How to Counsel the Grieving?
The confusion in how to counsel the grieving of others is a complicated issue. While there is an academic and scientific approach, the best advice is everyone is different and to approach
each person in grief differently according to the situation.
Jennifer Fulwiler in her article “Grief is Messy” (National Catholic Register) discovered this when a neighbor tragically was killed in an accident.
A week ago last Saturday, I witnessed a terrible motorcycle accident in the neighborhood. I was the first person to check on the victim, and was not prepared for what I would find. The young rider had died instantly, but the scene was like something out of a war zone. When the police arrived, even veteran offices were shocked.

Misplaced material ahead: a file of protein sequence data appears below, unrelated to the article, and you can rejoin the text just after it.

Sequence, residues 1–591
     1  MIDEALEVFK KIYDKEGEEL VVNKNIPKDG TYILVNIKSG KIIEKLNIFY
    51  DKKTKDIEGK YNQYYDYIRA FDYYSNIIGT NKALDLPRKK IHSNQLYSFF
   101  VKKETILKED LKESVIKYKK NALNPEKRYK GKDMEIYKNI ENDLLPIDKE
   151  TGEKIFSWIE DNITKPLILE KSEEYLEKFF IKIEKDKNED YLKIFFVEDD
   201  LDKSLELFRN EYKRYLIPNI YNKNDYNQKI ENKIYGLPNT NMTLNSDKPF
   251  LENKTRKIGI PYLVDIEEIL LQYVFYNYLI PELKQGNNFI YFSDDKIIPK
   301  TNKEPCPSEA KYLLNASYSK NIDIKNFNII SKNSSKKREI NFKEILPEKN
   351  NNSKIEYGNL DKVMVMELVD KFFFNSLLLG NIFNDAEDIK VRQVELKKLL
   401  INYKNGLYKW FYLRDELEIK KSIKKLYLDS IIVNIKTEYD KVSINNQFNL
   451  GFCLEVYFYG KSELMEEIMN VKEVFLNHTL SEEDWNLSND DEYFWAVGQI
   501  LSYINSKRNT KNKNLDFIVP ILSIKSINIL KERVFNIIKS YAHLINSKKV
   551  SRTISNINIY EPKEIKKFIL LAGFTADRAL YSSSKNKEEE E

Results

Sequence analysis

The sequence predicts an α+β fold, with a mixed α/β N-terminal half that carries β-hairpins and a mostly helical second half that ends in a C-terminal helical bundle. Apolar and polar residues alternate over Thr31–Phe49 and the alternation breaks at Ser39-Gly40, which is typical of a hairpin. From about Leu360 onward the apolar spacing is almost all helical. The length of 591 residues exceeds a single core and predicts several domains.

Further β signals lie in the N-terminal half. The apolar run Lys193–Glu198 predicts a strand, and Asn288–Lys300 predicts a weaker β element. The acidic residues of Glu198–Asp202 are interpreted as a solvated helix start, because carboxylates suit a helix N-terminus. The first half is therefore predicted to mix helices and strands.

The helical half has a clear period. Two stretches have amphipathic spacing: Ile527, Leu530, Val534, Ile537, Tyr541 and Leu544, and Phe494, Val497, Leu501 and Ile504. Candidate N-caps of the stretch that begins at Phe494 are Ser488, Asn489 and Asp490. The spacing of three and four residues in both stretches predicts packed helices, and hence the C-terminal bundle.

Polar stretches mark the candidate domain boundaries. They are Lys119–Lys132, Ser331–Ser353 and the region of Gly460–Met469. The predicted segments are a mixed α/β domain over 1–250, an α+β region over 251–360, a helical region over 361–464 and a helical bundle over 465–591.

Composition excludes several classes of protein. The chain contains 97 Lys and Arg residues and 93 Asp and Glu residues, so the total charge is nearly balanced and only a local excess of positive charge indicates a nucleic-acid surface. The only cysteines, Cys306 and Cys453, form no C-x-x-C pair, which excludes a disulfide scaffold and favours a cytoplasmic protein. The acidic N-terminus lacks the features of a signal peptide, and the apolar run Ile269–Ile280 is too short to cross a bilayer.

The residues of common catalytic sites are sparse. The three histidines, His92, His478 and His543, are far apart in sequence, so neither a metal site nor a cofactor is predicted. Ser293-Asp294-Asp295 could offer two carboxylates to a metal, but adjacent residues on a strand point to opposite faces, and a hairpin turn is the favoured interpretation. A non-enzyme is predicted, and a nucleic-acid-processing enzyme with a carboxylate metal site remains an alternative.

I was not able to recognize the young man, and spent the evening in sorrow and shock for him and for his family, whoever they were. It would all be magnified the next morning, when I found out his identity. He was our neighbor, the 21-year-old son of the family just a few doors down from us.
Read the full article here
From this article one can the complications in approaching or counseling those in grief from one perspective.
If you are interested in grief counseling courses, please review the program here.
If you wish to become certified in grief and bereavement counseling, then please review the program. Those who become certified in grief and bereavement counseling are after completion of courses, certified for three years.
If you have any questions, then please do not hesitate to contact us.